1542 Turkish-Portuguese War (1538-1557) – Battle of Wofla: the Portuguese were scattered, their leader Christovão da Gama captured and later executed.

1609  Henry Hudson discovered Delaware Bay.

1619  Ferdinand II was elected emperor of the Holy Roman Empire.

1640 Second Bishop’s War: King Charles I’s English army lost to a Scottish Covenanter force at the Battle of Newburn.

1749 Johann Wolfgang von Goethe, German writer and scientist (d. 1832).

1774 Elizabeth Ann Seton, American-born Catholic saint, was born (d. 1821).

 

1789  William Herschel discovered a new moon of Saturn.

1810  Battle of Grand Port – the French accepted the surrender of a British Navy fleet.

 

1828 Leo Tolstoy, Russian author, was born (d. 1910).

1830  The Tom Thumb presaged the first railway service in the United States.

 

1845 The first issue of Scientific American magazine was published. 

1859  A geomagnetic storm caused the Aurora Borealis to shine so brightly it was seen clearly over parts of USA, Europe, and as far away as Japan. 

1862 American Civil War: Second Battle of Bull Run.

1879  Cetshwayo, last king of the Zulus, was captured by the British. 

1884 Peter Fraser, former Prime Minister of New Zealand, was born (d. 1950).

 

1898  Caleb Bradham renamed his carbonated soft drink “Pepsi-Cola”. 

1901  Silliman University was founded in the Philippines,  the first American private school in the country.

 

1906 John Betjeman, English poet, was born (d. 1984).

1913 Queen Wilhelmina opened the Peace Palace in The Hague. 

1914  World War I: the Royal Navy defeated the German fleet in the Battle of Heligoland Bight.

1916  World War I: Germany declared war on Romania.

1916 – World War I: Italy declared war on Germany.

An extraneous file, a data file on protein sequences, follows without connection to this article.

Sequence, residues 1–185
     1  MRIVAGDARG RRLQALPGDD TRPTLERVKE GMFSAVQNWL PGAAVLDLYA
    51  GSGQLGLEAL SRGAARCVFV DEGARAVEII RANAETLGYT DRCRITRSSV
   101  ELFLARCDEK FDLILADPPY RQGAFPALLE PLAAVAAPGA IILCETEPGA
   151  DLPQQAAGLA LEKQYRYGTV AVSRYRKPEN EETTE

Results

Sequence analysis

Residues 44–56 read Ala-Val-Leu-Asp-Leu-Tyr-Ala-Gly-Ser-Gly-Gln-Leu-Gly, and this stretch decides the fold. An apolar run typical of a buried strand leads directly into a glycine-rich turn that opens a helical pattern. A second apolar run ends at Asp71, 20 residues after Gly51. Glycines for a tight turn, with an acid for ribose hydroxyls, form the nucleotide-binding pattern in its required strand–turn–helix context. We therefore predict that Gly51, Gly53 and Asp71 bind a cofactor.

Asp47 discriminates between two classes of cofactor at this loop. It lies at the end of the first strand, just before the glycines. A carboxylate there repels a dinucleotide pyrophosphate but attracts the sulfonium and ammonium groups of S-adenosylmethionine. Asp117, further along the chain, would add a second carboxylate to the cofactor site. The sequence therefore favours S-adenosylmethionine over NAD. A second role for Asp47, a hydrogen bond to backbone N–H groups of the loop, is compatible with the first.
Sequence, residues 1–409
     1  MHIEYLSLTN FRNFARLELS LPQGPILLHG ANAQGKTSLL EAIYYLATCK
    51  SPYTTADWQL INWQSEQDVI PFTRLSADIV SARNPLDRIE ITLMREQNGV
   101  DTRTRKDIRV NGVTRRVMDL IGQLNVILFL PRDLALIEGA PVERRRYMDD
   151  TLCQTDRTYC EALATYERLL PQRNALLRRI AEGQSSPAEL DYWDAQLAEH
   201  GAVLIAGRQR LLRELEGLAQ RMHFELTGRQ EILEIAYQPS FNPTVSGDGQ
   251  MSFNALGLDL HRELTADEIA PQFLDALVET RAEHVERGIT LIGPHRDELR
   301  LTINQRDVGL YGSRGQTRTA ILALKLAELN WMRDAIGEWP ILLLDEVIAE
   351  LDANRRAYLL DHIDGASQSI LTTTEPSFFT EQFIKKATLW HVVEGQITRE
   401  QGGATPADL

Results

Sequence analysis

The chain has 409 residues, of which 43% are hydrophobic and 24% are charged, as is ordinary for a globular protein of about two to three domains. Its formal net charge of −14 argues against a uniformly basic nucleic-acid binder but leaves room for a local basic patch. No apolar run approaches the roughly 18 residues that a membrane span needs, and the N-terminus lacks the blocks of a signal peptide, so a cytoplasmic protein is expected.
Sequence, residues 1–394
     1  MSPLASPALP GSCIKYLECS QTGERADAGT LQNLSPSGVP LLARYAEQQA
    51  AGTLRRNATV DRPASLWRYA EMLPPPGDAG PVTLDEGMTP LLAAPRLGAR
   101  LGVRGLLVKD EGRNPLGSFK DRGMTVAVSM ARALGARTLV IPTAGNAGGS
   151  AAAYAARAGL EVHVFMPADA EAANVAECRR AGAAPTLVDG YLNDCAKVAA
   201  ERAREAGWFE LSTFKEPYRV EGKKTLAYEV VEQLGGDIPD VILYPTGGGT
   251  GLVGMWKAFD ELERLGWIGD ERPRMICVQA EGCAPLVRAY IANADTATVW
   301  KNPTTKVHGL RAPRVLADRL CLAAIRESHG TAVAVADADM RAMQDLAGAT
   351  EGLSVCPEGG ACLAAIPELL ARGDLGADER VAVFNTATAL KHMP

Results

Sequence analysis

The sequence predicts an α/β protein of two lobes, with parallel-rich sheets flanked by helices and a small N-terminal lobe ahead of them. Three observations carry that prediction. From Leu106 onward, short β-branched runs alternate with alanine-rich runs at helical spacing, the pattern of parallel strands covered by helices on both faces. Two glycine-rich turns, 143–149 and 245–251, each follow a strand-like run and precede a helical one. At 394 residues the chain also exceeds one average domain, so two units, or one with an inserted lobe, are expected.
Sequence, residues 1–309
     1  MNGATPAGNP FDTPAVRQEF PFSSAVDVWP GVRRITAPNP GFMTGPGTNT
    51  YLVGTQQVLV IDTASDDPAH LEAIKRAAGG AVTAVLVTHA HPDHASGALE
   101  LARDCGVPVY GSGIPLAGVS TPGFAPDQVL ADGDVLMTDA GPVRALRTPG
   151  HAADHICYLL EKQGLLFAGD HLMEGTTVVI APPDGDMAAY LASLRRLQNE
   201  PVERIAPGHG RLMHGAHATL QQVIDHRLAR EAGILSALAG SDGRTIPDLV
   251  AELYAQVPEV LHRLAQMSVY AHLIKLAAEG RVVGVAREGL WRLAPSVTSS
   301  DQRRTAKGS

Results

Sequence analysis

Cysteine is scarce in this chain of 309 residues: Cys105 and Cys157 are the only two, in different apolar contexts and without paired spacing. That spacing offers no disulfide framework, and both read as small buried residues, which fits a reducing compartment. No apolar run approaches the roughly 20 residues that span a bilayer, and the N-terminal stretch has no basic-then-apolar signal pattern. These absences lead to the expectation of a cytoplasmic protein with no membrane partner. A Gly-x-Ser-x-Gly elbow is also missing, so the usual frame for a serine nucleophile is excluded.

1917  Ten Suffragettes wre arrested while picketing the White House.

1924 Janet Frame, New Zealand author, was born (d. 2004).

 

1924 The Georgian opposition stages the August Uprising against the Soviet Union.

1930 Windsor Davies, British actor, was born.

 

1931  France and Soviet Union signed a treaty of non-aggression.

1937  Toyota Motors became an independent company.

 

1943  World War II: in Denmark, a general strike against the Nazi occupation started.

1944  World War II: Marseille and Toulon were liberated.

1948 Danny Seraphine, American musician (Chicago), was born.

1951 Wayne Osmond, American singer (The Osmonds), was born.

1953  Nippon Television broadcast Japan’s first television show, including its first TV advertisement.

1954 Pauline Parker and Juliet Hulme were convicted of murdering Parker’s mother Honora.

'Heavenly Creatures' found guilty of murder

1955  Black teenager Emmett Till was murdered in Mississippi, galvanizing the nascent American Civil Rights Movement.

1961 Motown released what would be its first #1 hit, “Please Mr. Postman” by The Marvelettes.

 

1963 March on Washington for Jobs and Freedom: Martin Luther King, Jr. gave his I Have a Dream speech. 

1963 Emily Hoffert and Janice Wylie were murdered in their Manhattan flat, prompting the events that led to the passing of the Miranda Rights

1964  The Philadelphia race riot began.

1965 Shania Twain, Canadian singer, was born.

1979  An IRA bomb exploded on the Grand Place in Brussels.

1986  United States Navy officer Jerry A. Whitworth was sentenced to 365 years imprisonment for espionage for the Soviet Union.

1988 Ramstein airshow disaster: three aircraft of the Frecce Tricolori demonstration team collided. The wreckage fell into the crowd killing  75 and seriously injuring 346.

1990  Iraq declared Kuwait to be its newest province.

1990 The Plainfield Tornado: an F5 tornado hit Plainfield and Joliet, Illinois, killing 28 people.

1991  Ukraine declared its independence from the Soviet Union.

1991 Collapse of the Soviet Union – Mikhail Gorbachev resigned as Secretary of the Soviet Communist Party.

 

1992 Canterbury’s “Big Snow“.

Canterbury's 'Big Snow'

1996  Charles, Prince of Wales and Diana, Princess of Wales divorced.

2003  An electricity blackout cut off power to around 500,000 people living in south east England and brought 60% of London’s underground rail network to a halt.

Sourced from NZ History Online & Wikipedia